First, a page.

• 16 ounces whole wheat elbow noodles
  • 2 tablespoons salted butter
  • 1 large sweet onion, diced
  • 2 garlic cloves, minced
  • 1/2 tsp ground black pepper
  • 2 1/2 tablespoons all-purpose flour
  • 2 1/2 cups milk + 1/2 cup, separated
  • 4 cups shredded sharp cheddar cheese
  • 1 1/2 cups shredded gruyere cheese
  • 1 package Trader Joe’s diced pancetta (4-6 ounces, I think)
  • 1 bag organic baby spinach leaves
  • 1/4 cup Italian seasoned whole wheat breadcrumbs


  1. Preheat oven to 350 degrees.
  2. Cook noodles according to package directions in well-salted water. Drain and set aside (do not rinse).
  3. In a small skillet, cook pancetta over medium heat until lightly browned and crispy, approximately 5 minutes. Drain grease and set aside.
  4. Melt butter in a large saucepan over medium heat. Add garlic and onion, cook until tender and fragrant, but not browned.
  5. Stir pepper and flour into garlic and onion. Mix well, and allow to cook for 1 minute to “cook off” taste of flour.
  6. Add 2 1/2 cups milk to saucepan all at once, whisk. Continue to cook, stirring continuously, until mixture thickens, 3-5 minutes.
  7. Add both shredded cheeses and continue stirring over medium heat until melted and combined. Sauce will be thick; you may need to add additional milk to achieve desired consistency.
  8. Remove saucepan from heat. Stir in pancetta and spinach. Add cooked elbow noodles, stirring until well-coated in cheese sauce.
  9. Pour contents of saucepan into a large casserole dish. Sprinkle top with breadcrumbs and bake uncovered in a 350 degree oven for 20 minutes or until cheese sauce is bubbly and surface is browned and crispy.
Makes approximately 8 one-cup servings.

Stuffed Tomatoes

4 Nov

This week was our last disbursement from our CSA membership (*tears*). In addition to a lovely selection of storage-safe produce such as one dozen beautiful apples, two big butternut squash, and a plethora of leeks and sweet onions, we received what are probably the last decent tomatoes we’ll be tasting until next summer. Because of that distinction I felt they’d be better served dressed up a bit than simply sliced with salt and pepper.

Hence, I give you brown rice and parmesan stuffed tomatoes, accompanied by pan-fried chicken tenders and some delicious cucumber and feta Greek yogurt dipping sauce:





  • 4 medium to large tomatoes
  • 1 cup chicken stock
  • 1/2 cup uncooked brown rice
  • 1/4 frozen spinach
  • 3 garlic cloves, minced
  • 1/4 cup grated parmesan
  • salt and pepper
  • drizzle of olive oil


  1. Preheat oven to 350 degrees.
  2. On stovetop, bring chicken stock to a boil; add rice, cover and reduce to simmer (I like to undercook the rice slightly — the tomatoes’ interior is so moist it will finish fluffing the rice in the oven). Halfway through rice’s cooking time, add frozen spinach and stir. Cover and return to simmer.
  3. Meanwhile, core tomatoes with a paring knife, removing tops. Using a spoon, carefully hollow out each tomato, being careful not to puncture the thick exterior walls. Discard seeds and pulp.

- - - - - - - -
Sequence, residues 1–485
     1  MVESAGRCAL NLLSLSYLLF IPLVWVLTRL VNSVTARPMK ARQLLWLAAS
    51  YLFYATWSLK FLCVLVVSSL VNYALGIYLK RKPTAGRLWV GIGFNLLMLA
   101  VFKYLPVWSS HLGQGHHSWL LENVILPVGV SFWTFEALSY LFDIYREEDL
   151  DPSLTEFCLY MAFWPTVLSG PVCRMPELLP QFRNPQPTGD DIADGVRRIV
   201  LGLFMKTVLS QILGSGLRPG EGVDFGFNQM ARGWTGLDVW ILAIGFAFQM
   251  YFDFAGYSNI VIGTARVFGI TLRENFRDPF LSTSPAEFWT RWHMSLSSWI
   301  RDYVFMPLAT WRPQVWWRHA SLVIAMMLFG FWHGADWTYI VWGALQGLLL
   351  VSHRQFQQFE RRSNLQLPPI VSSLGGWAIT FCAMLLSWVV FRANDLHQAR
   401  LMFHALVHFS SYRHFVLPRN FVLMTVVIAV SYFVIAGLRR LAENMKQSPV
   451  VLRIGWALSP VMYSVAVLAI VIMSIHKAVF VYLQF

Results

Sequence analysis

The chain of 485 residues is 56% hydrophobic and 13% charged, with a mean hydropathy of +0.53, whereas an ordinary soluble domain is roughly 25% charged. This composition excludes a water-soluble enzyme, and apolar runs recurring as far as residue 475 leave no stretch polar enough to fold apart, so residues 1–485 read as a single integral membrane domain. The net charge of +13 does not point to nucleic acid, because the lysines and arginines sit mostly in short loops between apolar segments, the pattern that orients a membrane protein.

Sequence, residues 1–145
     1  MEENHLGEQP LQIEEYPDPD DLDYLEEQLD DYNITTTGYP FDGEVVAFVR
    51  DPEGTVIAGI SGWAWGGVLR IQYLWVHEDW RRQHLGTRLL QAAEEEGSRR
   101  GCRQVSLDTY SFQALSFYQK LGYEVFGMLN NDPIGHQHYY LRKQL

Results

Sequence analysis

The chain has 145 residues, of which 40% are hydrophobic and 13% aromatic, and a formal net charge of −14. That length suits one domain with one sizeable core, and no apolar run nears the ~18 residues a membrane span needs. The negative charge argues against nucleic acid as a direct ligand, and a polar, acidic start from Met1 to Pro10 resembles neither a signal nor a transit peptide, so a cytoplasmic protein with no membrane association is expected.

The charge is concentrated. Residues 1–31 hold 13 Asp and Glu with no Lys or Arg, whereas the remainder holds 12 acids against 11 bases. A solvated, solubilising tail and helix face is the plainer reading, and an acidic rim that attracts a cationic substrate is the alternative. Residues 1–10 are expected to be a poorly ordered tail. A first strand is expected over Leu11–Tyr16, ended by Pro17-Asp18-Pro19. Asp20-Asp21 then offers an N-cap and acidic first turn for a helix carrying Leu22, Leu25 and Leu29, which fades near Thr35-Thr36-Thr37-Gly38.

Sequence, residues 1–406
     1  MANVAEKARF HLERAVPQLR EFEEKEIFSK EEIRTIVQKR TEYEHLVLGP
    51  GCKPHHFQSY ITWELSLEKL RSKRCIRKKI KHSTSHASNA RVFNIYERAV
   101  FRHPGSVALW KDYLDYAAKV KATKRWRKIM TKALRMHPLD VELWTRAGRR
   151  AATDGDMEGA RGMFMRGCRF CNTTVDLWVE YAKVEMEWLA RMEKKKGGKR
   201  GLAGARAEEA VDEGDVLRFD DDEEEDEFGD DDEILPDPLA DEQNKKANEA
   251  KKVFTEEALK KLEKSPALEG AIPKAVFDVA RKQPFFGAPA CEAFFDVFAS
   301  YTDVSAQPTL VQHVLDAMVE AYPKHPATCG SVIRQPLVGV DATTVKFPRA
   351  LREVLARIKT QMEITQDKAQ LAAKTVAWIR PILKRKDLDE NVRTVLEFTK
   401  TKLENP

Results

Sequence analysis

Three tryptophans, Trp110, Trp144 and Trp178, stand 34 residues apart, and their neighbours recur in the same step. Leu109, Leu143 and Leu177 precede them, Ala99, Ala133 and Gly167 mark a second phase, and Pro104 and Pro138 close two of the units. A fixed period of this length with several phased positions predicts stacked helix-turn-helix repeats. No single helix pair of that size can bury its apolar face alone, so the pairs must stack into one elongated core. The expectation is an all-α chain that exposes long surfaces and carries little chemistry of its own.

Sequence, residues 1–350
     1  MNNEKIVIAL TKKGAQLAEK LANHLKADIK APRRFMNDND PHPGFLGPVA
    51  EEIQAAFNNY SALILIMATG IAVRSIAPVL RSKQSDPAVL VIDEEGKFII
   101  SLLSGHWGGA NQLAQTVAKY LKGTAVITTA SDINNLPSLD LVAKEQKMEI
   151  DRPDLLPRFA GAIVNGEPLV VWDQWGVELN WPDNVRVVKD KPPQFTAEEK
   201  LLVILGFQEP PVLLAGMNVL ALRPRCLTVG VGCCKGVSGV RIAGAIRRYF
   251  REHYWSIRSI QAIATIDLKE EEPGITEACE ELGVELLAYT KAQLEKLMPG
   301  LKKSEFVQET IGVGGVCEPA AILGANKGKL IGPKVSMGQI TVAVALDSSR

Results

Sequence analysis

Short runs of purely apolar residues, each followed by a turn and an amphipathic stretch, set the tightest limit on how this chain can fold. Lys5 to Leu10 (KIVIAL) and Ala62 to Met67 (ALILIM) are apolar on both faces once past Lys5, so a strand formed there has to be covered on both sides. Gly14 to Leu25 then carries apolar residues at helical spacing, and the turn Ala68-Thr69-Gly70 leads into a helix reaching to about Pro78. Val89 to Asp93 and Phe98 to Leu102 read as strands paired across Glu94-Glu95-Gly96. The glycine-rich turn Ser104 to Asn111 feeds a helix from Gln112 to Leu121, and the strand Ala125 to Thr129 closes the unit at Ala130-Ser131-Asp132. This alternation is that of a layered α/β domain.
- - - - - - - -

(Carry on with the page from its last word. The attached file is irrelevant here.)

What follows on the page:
4. When rice has finished cooking, add minced garlic, grated parmesan, and salt and pepper to taste. Stir to combine.
  5. Drizzle olive oil around base of a shallow casserole dish. Carefully stuff tomatoes with rice mixture, mounding gently on top. Don’t overstuff — the rice will continue to expand in the oven. Place tomatoes in casserole dish and drizzle tops with olive oil.
  6. Bake at 350 degrees for 20 minutes, or until tomato skins appear slightly wilted and filling is warmed through.
Makes four tomatoes, which at our house serves two.

Pumpkin Recipes

15 Oct

We are definitely on a gourd kick at our house. And our favorite of all the gourds is pumpkin. Put it in everything — breads, pies, cookies, coffees, beers, stews, curries, pasta sauces — and I’m a happy girl. One of my favorite pumpkin dinner recipes is cheese ravioli with leeks and mushrooms in an easy, creamy, nutty pumpkin cream sauce.  In the interest of saving time I always use canned mashed pumpkin — though if you have the time and patience to break down your own pumpkin, I’m sure it would taste even more amazing.


  • 18 ounces frozen cheese ravioli
  • 1/2 cup butter (1/4 lb), divided in half
  • 1 large leek, chopped
  • 12 oz mushrooms (I like porcini or baby bellas)
  • 1/2 cup half and half
  • 1/4 cup whole milk
  • 1/2 cup pumpkin puree
  • 1/2 cup parmesan cheese, grated
  • salt and pepper
  • 1 tsp nutmeg or sage (cook’s choice!)
  • fresh chopped parsley for garnish


  1. Prepare ravioli according to package directions. Drain and set aside, keep warm.
  2. Melt half of the butter (1/4 cup) in a skillet over medium heat. Add mushrooms and season with salt and pepper. Cook, stirring often, until mushrooms are browned and tender. Set aside.
  3. Melt remaining butter (1/4) in a medium-sized pot over medium heat. Add leeks, season with salt and pepper. Cook until softened.
  4. Stir in pumpkin and herb of choice (nutmeg or sage) and heat through.
  5. Remove from heat, add milk and half and half. Stir to combine.
  6. Slowly add parmesan cheese, stirring continuously. Return to low heat for 1-2 minutes to warm through, continue stirring so sauce does not scald.
  7. To serve: Divide ravioli  and mushrooms between four plates. Smother with pumpkin alfredo sauce and garnish with 1/4 of the fresh chopped parsley.
Serves four.


Since the above recipe only required 1/2 cup of pumpkin from a 15-ounce can, and our cupboards were completely bare of cane sugar (I made this the day before big grocery shopping day), my old fallback of using bread as a vehicle for leftover vegetable ingredients wasn’t an option. Instead I scoured the internet for a quick pumpkin soup, and happened upon this recipe. To keep it savory, I used 1/2 tablespoon brown sugar instead of 1 tablespoon of cane sugar and added slightly more nutmeg and pepper. I also substituted leeks for the onion, since that’s what I had on hand. It was a big hit served with a nutmeg garnish alongside a snack platter of Manchego cheese, whole wheat crackers and beer jelly. And it only took 15 minutes to prepare!